Beyond the familiar kidney grille, the 3 Series Gran Turismo is a 3 like no other. The silhouette has been influenced heavily by the breadth of objectives, but primarily the decision to create such a capacious rear. Side mounted air vents and the company’s first ever retractable spoiler offer incongruously sporty elements, while the hatchback tailgate conflicts with the premium positioning. It is better resolved than the similarly awkward 5 Series GT, especially in M Sport guise, but it looks better in some colours than in others.
Up front is typically beautiful 3 Series fare with soft-touch 3D layered dashboard, suspended iDrive infotainment screen and figure-hugging leather seats. However, step into the back and even the most faithful of 3 custodians will be in unfamiliar territory. That elongated roofline may be ungainly from the outside, but the combination of a taller glasshouse and extended wheelbase (there is 8cm more legroom in here than a 3 Series Touring) has transformed the rear cabin into a cosseting, luxurious 5 Series-rivaling environment where passengers in the back are no longer forced to identify each other’s brand of deodorant.
BMW comes good on its promise of space. Not only is rear accommodation excellent, the boot is cavernous. The loading bed may be quite tall, but there are rails, hooks and lashing eyes for securing your items. The boot also features quick-release handles to tumble the rear seats and turn 520-litres of space into 1,600-litres. That’s 620-litres, or a whole boot bigger than the Audi A5 Sportback. One side effect you do get from the extra bulk and high waistline is that the 3GT is somewhat tricky to park in tight spaces.
Ride and handling
Gran Turismo is a bit of a misnomer for this car. In reality, the longer wheelbase and bigger kerbweight (the GT is 70kg heavier than the Touring) means it doesn’t have the chassis magic of the saloon and is better suited to motorway cruising and cosseting rear passengers with better levels of refinement. As with a lot of BMW models, wheel and suspension specification is crucial to the ride and handling, but our test car with optional 19-inch Double-spoke style alloys and adaptive suspension felt composed in comfort mode. Select sport mode to reign in mid-corner body roll and you will notice more low speed fidgeting.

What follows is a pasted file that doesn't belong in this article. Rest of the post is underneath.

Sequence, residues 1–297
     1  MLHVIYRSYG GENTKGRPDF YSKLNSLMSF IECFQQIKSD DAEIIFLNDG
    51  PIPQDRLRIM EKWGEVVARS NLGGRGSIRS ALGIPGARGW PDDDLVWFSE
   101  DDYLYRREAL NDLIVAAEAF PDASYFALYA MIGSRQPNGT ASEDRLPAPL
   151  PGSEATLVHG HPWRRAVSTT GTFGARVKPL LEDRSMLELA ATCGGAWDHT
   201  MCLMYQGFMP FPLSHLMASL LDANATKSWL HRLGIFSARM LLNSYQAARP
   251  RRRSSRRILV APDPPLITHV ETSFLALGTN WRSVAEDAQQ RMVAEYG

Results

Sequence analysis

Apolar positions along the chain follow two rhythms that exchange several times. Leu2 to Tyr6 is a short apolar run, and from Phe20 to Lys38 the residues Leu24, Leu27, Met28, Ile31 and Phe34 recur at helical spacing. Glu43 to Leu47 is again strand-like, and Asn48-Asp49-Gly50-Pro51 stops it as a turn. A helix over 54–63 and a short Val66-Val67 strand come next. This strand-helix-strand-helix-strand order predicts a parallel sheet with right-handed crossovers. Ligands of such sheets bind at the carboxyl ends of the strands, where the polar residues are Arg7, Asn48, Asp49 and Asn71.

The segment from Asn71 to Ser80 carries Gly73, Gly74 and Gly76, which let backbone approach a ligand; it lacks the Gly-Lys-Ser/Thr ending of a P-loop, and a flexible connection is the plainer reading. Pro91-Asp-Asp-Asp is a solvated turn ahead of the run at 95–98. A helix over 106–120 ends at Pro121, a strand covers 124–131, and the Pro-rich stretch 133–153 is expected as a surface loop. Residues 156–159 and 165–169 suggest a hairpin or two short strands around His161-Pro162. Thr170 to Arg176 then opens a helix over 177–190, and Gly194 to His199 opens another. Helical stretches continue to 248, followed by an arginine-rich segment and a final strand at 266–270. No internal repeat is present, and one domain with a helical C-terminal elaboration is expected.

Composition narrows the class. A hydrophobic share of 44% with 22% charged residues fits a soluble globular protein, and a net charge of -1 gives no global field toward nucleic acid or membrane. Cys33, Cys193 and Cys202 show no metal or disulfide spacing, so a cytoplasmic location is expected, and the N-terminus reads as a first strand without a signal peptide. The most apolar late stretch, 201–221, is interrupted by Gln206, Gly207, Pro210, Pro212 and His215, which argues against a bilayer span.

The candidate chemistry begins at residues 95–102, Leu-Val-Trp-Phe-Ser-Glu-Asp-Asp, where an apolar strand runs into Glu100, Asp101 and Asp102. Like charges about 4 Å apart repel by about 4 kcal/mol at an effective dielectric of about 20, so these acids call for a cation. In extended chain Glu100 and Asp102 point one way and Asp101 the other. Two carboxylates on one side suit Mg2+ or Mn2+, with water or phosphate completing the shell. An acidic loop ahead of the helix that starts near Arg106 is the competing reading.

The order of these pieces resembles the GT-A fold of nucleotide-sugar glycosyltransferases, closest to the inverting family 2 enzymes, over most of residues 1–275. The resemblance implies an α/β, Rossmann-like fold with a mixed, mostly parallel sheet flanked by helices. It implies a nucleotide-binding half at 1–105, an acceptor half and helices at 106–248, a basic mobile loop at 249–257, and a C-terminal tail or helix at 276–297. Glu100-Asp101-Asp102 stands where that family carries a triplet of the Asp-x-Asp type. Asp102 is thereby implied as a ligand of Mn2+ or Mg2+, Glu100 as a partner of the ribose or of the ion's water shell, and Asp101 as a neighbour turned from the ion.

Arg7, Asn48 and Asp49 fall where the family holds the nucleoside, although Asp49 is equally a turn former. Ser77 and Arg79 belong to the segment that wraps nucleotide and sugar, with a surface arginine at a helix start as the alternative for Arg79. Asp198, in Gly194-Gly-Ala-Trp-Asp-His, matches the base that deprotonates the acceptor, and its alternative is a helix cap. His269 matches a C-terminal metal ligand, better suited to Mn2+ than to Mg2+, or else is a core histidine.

The 3 Series GT will be initially available with five engines: 318d, 320d, 320i, 328i 335i, with a further diesel 325d expected later. We only tested the entry-level 318d Sport, but it copes remarkably with the extra bulk. It’s a de-tuned version of the hugely popular 320d to bring emissions down to 119g/km of CO2, providing you spec the typically notchy six-speed manual gearbox. An eight speed automatic is also available but we’ve seen this unit perform better in more potent engines. Early morning start-ups may sound a little gravelly in the 318d, but the unit quickly quietens with 0-62mph arriving in 9.7seconds.
While manufacturer-claimed fuel economy figures are rigid with mis-information, the BMW 3 Series is one model that does generally at leats get close to its quoted figures. Officially, the 318d manual emits just 119g/km of CO2 and will do 62.8mpg on the combined run. However, a 5 Series saloon with this engine will emit less CO2 and costs less to buy, so for the crucial company car market, this might be a better option as it’ll costs less in Benefit in Kind tax.
The 3 Series GT is an all new model, so it’s too early to detect faults. However, the standard 3 Series and Touring bode well for fault free ownership.
The standard 3 Series earned a maximum five-star score in the EuroNCAP crash tests, and it’s unlikely that the 3GT will deviate. All trim levels from entry-level SE to top spec Sport receive a full complement of airbags and skid-preventing electronics.
All cars receive a remote-opening tailgate, DAB digital radio, parking sensors, 18-inch alloys and Bluetooth. You also get BMW’s iDrive infotainment system as standard, but we would suggest you upgrade to the Media Professional Package for the bigger screen. We also love the optional glass roof and head-up display, although we feel both items should be standard on a car like this. The head-up display projects your speed and latest sat nav directions onto the windscreen, so you never have to take your eyes off the road.
The BMW 3 Series GT is a niche option, but for regular 3 Series customers seeking a slightly different flavour without moving marque, they may feel this version is invigorated by its bigger role.